Before we finish off, there’s one last discussion I wanted to have with Charlie. Over the last year, the media has become frenzied in its criticism of university campus culture and Student Unions, accusing them of censoring speakers and free speech. Despite many of the allegations being falsified, blown up or over-simplified, it is an ongoing debate in the press and on campuses up and down the country. Given Charlie’s staunch stance on political liberalism, I ask his perspective on these developments.
“I think any good liberal really needs to look to their roots, and I think our roots are quite firmly grounded in the John Stuart Mill style of liberalism. In his book On Liberty, he articulates quite a good account of why free speech matters and why free expression matters. Now, I don’t always agree with people who are wanting to speak at universities or campuses or whatever. I don’t always think they’re good people or articulate views I agree with. But nevertheless, I think it’s important that everyone is exposed to these kinds of views, because you need to know that there are people out there who disagree with you. And when you know that, you’re able to fight back against them, beat them intellectually, and I think that’s really important.
I don’t think anyone should be forced to listen to what someone has to say. They can say themselves what they want, they can protest if they want, but I don’t think that’s sufficient justification for shutting down debate.
“There’s obviously got to be a limit. There’s a limit on a lot of freedoms that exist. But especially in free expression, you have to be able to join the line when the speaker is actively calling for someone to break the law. That’s actually illegal, and I think it should stay that way.”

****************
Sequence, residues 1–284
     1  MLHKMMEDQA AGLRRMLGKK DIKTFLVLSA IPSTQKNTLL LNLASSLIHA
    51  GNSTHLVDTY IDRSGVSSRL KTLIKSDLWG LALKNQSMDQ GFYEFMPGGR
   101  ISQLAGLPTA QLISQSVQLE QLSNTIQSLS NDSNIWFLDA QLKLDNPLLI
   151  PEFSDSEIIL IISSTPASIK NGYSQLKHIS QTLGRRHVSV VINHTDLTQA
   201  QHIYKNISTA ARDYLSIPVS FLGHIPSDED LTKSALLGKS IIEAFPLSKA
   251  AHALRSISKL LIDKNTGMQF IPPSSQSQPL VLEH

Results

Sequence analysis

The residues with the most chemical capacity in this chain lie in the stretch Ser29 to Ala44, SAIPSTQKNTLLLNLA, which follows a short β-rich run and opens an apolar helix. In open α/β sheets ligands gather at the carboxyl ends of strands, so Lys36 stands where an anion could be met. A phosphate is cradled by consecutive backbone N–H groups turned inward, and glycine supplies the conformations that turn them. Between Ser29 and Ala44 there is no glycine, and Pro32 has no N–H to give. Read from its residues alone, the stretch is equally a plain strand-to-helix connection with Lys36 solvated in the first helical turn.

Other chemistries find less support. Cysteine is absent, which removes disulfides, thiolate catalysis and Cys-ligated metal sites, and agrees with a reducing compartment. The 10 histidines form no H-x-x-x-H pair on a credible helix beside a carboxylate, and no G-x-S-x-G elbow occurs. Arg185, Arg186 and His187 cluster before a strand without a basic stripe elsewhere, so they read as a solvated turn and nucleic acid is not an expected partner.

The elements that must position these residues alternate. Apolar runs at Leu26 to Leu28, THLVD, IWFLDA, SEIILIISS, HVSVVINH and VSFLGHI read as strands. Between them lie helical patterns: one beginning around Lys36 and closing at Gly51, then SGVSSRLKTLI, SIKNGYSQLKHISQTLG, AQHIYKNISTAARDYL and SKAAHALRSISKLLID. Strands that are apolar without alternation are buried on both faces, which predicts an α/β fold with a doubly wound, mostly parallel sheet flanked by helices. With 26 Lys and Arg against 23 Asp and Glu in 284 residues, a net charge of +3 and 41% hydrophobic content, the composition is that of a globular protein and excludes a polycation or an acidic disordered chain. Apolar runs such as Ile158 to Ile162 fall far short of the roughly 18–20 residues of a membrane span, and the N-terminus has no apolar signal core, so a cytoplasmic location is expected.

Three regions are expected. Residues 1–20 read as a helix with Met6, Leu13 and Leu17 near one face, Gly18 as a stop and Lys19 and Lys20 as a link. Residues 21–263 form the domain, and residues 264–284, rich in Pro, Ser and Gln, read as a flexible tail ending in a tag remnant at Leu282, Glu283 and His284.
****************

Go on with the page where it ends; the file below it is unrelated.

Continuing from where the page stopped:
I point out that often the issue that has come under criticism in the media are ‘safe spaces policies’ designed to ensure that when students who are marginalised and oppressed by society are in their own Student Union, they should not have to be subjected to the same oppressive views, attitudes and actions that they face in their everyday lives. Charlie still disagrees with this:
“I don’t think anyone should be forced to listen to what someone has to say. They can say themselves what they want, they can protest if they want, but I don’t think that’s sufficient justification for shutting down debate.”
That final comment is an apt place to end. From our discussion, I understand that Charlie is ideologically and militantly liberal in his defence of political freedoms, but also not particularly swayed by the kind of leftist politics put forward by former Lib Dem leaders such as Charlie Kennedy. What will be interesting to watch is, if this is the new generation of Liberal Democrats, as they emerge in the world of left and right wing populism, where the party will position itself in that context. I’ve written before about how I believe the Liberal Democrats need to move to the left in order to maintain relevance, but perhaps, given the polarisation of politics across the globe, as demonstrated by Corbyn and UKIP, Syriza and Golden Dawn, Donald Trump and Bernie Sanders, there may be a role for an aggressive centrist party. Charlie Kingsbury will be part of that story, and will help to write the answer to that question.
Featured image: Charlie Kingsbury © Liberal Youth